Below are your search results. You can also try a Basic Search.
In conjunction with Sunshine Week 2014, the Student Press Law Center announced Thursday that it is joining the University of Georgia journalism school in presenting an annual award recognizing outstanding college journalism, with an emphasis on reporting that makes use of public records.
A student newspaper at a Virginia college and four student newspaper editors at an Ohio high school that battled efforts by school administrators to control the content of their publications have been named the winners of student press freedom awards co-sponsored by the Student Press Law Center.
The staff of The Script at Hampton University received the 2004 College Press Freedom award on Saturday, Nov.
Six leading open-government organizations, including the Student Press Law Center, called Wednesday for congressional hearings on the rampant abuse of the federal student privacy law, FERPA, which enables schools and colleges to conceal scandals by misclassifying government documents as “education records.”
A coalition of nonprofit advocates supporting a positive school learning climate joined Monday in urging a New York court to declare unconstitutional a statute that makes “cyberbullying” a crime punishable by a year in jail.
The Daily Titan at California State University, Fullerton is the 2013-14 winner of the University of Georgia’s Betty Gage Holland Award for excellence in college journalism.
In a brief to the U.S. Supreme Court in a landmark First Amendment case, the Student Press Law Center urges the Court to set a high standard for criminally prosecuting speakers for references to violence on social media, warning of “false positive” prosecutions that may result from innocent misunderstandings.
Monitoring of student-athletes’ social media accounts is widespread
among university athletic departments, according to the results of a
public records audit carried out by journalism students at the
University of Maryland.
The Student Press Law Center and Journalism Education Association Scholastic Press Rights Commission condemned the actions of the Neshaminy School District in Pennsylvania Wednesday, following the District’s retaliatory and illegal actions calculated to punish the Playwickian student newspaper, its editors and its adviser.
In a friend-of-the-court brief, the SPLC — joined by the Society of Professional Journalists and the Reporters Committee for Freedom of the Press — urged the court to accept an appeal challenging an Aug. 26 ruling, which allowed the university to reject a request to produce copies of instructors’ course syllabi.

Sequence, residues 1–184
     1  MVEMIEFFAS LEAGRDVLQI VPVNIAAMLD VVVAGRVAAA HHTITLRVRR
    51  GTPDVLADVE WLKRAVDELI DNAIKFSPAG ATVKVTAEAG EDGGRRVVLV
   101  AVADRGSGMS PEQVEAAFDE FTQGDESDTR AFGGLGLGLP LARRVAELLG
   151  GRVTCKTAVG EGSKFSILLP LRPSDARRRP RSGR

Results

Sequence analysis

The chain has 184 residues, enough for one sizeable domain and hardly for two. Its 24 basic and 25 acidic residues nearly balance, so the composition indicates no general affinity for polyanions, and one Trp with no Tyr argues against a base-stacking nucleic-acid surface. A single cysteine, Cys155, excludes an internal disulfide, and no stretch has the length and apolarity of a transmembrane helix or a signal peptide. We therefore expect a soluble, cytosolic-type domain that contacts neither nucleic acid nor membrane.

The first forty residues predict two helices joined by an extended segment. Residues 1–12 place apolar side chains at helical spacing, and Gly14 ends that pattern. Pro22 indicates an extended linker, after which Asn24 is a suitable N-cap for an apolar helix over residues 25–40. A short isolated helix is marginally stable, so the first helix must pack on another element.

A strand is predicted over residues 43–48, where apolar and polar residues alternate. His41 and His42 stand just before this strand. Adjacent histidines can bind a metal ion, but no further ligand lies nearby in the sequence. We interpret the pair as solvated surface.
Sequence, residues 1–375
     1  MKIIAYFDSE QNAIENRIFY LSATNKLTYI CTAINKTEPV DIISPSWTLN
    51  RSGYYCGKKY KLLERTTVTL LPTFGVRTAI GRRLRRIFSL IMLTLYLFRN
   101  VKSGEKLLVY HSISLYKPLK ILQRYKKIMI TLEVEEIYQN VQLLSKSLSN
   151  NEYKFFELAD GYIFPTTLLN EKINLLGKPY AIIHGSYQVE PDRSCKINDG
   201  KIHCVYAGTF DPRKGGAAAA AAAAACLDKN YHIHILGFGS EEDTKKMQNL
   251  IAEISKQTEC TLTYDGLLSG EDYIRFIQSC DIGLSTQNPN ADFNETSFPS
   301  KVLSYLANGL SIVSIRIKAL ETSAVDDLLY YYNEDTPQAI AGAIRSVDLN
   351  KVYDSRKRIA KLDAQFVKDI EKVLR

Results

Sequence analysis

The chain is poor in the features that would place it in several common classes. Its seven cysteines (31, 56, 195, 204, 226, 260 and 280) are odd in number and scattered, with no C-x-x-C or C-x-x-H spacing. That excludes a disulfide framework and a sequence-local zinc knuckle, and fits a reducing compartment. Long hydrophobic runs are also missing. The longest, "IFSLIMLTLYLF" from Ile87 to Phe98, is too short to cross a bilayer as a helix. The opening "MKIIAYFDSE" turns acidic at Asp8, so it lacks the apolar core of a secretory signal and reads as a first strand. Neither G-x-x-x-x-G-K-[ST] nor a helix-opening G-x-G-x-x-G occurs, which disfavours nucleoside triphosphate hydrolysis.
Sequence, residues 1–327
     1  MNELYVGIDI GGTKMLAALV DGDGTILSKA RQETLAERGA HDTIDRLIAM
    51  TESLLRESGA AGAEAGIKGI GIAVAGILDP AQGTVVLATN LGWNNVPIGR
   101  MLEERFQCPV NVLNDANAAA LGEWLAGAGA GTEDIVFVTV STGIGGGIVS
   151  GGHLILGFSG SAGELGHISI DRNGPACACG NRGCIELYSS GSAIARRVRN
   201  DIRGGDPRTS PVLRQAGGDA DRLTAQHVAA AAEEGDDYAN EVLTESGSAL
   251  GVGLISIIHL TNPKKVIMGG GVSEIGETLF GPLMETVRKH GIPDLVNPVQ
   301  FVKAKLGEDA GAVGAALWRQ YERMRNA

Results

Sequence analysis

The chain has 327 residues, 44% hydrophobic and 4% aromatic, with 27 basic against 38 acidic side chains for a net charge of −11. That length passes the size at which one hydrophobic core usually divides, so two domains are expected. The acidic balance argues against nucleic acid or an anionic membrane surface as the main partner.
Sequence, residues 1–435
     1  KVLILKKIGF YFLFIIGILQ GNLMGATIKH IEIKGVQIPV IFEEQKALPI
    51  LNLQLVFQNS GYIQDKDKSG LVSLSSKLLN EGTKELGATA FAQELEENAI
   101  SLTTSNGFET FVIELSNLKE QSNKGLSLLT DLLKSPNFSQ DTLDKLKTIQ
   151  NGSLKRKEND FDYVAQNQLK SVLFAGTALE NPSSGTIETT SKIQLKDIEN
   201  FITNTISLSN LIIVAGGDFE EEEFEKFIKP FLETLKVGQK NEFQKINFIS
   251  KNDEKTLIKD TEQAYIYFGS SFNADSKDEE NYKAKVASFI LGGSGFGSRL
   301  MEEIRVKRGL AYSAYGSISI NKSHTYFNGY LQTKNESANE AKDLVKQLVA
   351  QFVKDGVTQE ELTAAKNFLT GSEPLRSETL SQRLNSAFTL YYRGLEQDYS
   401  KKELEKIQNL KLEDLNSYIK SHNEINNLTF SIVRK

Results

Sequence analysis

Tanvi Kumar, former editor-in-chief of Cardinal Columns at Wisconsin’s Fond du Lac High School and co-editors Gillian McGoldrick and Reed Hennessy of The Playwickian at Pennsylvania’s Neshaminy High School will share the Courage award, presented annually to recognize students who show exceptional fortitude in overcoming adversity to bring important stories to the public.
In a brief filed Monday, a coalition of free-speech groups led by the Student Press Law Center asks a federal appeals court to overturn a ruling that upheld a Minnesota college’s decision to expel a nursing student for “unprofessional” comments posted off-campus to his personal Facebook page.
Media lawyer Sherrese Smith and corporate philanthropy executive Matthew Pakula join SPLC's 15-member Board of Directors for three-year terms starting Jan. 1, 2015.
In a brief filed Wednesday, the Student Press Law Center challenges the University of Montana’s attempts to withhold the records of a student disciplinary appeal involving a high-profile athlete accused of sexual assault.
Of the 6,406 students and teachers who attended the National High School Journalism Convention in Washing, D.C., Nov. 6-9, 2013, 464 students and 51 advisers responded to survey questions asking about their experiences with censorship of student media.
The SPLC brief, filed with Florida’s Fifth District Court of Appeal in Daytona Beach, argues that the student privacy statute, the Family Educational Rights and Privacy Act (FERPA), cannot constitutionally be applied to obstruct compliance with state open-records laws.
The New Voices Act protects the rights of journalists in public colleges and high schools from censorship, reversing the impact of the U.S. Supreme Court’s 1988 ruling in Hazelwood School District v. Kuhlmeier.
The SPLC filed a friend-of-the-court brief Wednesday with the New York-based Second Circuit U.S. Court of Appeals urging the court to restore reasonable fees for attorney Ronald McGuire, who represented the student editors of the College Voice newspaper at the College of Staten Island in a long-running First Amendment battle with their school.
In a friend-of-the-court brief, First Amendment groups say a Kansas district court correctly ruled that the University of Kansas lacked authority to punish a student for violating a no-contact order on the basis of insulting tweets on a privacy-protected Twitter account.
In a friend-of-the-court brief with a federal court of appeals, the Student Press Law Center argues that a ruling which allowed a Nevada school to punish two brothers who non-disruptively protested a school uniform code should be overturned, on the basis of the First Amendment.
A collaboration to offer specialized legal expertise to nonprofit newsrooms based at universities was announced today by the Institute for Nonprofit News (INN) and the Student Press Law Center (SPLC).